Audit and inventory

                                      • Take an inventory of assets and data.
                                      • Identify authorized and unauthorized devices and software.
                                      • Make an audit of event and incident logs.

                                      Configure and monitor

                                      • Manage hardware and software configurations.
                                      • Grant admin privileges and access only when necessary to an employee’s role.
                                      • Monitor network ports, protocols, and services.
                                      • Activate security configurations on network infrastructure devices such as firewalls and routers.
                                      • Establish a software allowlist that executes only legitimate applications.

                                      Patch and update

                                      • Conduct regular vulnerability assessments.
                                      • Perform patching or virtual patching for operating systems and applications.
                                      • Update software and applications to their latest versions.

                                      Protect and recover

                                      • Implement data protection, backup, and recovery measures.
                                      • Enable multifactor authentication (MFA).

                                      Secure and defend

                                      • Employ sandbox analysis to block malicious emails.
                                      • Deploy the latest versions of security solutions to all layers of the system, including email, endpoint, web, and network.
                                      • Detect early signs of an attack such as the presence of suspicious tools in the system.
                                      • Use advanced detection technologies such as those powered by artificial intelligence (AI) and machine learning.

                                      Train and test

                                      • Regularly train and assess employees in security skills.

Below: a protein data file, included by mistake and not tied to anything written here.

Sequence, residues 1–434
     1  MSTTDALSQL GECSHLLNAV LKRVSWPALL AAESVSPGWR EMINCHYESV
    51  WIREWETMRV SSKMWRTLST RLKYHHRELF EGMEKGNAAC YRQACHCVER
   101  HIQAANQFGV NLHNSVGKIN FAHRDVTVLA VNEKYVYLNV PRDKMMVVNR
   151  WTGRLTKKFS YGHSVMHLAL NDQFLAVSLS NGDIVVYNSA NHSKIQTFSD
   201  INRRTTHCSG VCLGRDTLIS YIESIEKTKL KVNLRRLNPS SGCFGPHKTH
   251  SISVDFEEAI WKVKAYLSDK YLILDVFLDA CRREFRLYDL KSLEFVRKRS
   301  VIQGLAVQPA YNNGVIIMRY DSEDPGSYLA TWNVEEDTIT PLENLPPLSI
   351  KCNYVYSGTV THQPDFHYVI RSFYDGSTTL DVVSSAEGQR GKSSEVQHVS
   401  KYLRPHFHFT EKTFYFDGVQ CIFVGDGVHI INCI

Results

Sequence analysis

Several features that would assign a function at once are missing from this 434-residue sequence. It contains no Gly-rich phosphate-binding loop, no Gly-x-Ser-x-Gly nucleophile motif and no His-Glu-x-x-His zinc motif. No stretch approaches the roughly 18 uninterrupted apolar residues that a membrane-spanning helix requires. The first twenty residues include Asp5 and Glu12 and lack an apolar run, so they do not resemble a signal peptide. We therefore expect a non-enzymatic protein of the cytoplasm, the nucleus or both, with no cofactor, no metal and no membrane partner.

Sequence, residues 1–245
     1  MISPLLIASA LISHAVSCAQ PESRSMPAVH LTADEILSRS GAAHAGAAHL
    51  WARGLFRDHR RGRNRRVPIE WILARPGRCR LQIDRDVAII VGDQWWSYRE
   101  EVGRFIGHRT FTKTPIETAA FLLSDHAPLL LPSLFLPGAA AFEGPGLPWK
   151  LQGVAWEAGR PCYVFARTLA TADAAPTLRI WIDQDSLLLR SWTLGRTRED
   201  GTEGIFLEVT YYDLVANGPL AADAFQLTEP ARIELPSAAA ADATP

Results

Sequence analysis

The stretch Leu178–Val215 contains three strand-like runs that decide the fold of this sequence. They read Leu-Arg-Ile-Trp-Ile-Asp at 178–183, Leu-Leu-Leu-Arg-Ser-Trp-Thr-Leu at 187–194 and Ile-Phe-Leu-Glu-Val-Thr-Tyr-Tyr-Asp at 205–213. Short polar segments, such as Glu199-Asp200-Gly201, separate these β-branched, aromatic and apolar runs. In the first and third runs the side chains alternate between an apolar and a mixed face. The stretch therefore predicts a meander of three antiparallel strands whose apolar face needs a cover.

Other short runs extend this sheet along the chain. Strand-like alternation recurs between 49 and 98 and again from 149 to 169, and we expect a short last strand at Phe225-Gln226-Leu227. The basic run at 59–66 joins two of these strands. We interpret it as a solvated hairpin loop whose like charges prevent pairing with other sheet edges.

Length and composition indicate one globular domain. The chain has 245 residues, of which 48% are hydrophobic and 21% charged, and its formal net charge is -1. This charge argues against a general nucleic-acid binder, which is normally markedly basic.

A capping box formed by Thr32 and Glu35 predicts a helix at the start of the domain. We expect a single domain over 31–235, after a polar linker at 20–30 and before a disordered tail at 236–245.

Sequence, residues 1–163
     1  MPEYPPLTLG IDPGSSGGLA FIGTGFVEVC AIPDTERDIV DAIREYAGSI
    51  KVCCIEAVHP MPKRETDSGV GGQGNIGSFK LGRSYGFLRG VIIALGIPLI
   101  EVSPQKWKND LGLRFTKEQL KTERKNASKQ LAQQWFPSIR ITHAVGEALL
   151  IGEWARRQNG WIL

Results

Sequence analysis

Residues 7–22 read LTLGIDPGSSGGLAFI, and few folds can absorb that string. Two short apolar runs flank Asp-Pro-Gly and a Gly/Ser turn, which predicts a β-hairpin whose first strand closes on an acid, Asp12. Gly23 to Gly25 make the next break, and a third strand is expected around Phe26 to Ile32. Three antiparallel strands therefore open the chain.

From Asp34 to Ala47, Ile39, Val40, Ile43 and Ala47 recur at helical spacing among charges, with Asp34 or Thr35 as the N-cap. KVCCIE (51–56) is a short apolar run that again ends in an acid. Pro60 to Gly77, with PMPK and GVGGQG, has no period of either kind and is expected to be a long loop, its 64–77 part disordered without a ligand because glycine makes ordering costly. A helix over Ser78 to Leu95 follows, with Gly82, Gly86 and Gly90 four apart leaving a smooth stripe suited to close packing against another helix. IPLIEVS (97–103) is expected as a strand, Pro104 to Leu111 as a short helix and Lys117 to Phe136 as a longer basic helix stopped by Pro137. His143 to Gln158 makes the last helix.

• Conduct red-team exercises and penetration tests.

                                      A multilayered approach can help organizations guard possible entry points into the system (endpoint, email, web, and network). Security solutions that can detect malicious components and suspicious behavior can also help protect enterprises.

                                      • Trend Micro Vision One™ provides multilayered protection and behavior detection, which helps block questionable behavior and tools early on before the ransomware can do irreversible damage to the system.
                                      • Trend Micro Cloud One™ Workload Security protects systems against both known and unknown threats that exploit vulnerabilities. This protection is made possible through techniques such as virtual patching and machine learning.
                                      • Trend Micro™ Deep Discovery™ Email Inspector employs custom sandboxing and advanced analysis techniques to effectively block malicious emails, including phishing emails that can serve as entry points for ransomware.
                                      • Trend Micro Apex One™ offers next-level automated threat detection and response against advanced concerns such as fileless threats and ransomware, ensuring the protection of endpoints.

                                      Indicators of compromise (IOCs)

                                      The IOCs for this article can be found here. Actual indicators might vary per attack.

                                      Trend Micro Vision One Hunting Query

                                      Trend Vision One customers can use the following hunting query to check if their network/system is possibly affected by Akira ransomware:

                                      fullPath:(*.akira* OR *akira_readme.txt*)
                                      HIDE